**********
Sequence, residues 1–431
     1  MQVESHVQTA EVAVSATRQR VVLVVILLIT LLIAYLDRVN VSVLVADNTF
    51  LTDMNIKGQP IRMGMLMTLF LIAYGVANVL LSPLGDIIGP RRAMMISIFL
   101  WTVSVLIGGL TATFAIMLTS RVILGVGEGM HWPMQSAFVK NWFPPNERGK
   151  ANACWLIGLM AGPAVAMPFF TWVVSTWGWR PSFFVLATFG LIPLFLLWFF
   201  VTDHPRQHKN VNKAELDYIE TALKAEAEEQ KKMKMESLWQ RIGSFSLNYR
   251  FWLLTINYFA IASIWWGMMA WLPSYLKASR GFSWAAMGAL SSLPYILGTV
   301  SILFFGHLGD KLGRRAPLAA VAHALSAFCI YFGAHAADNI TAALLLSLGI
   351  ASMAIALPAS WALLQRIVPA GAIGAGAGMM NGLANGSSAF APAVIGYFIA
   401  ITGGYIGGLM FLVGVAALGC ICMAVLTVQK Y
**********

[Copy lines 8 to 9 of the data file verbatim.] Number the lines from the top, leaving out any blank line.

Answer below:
   301  SILFFGHLGD KLGRRAPLAA VAHALSAFCI YFGAHAADNI TAALLLSLGI
   351  ASMAIALPAS WALLQRIVPA GAIGAGAGMM NGLANGSSAF APAVIGYFIA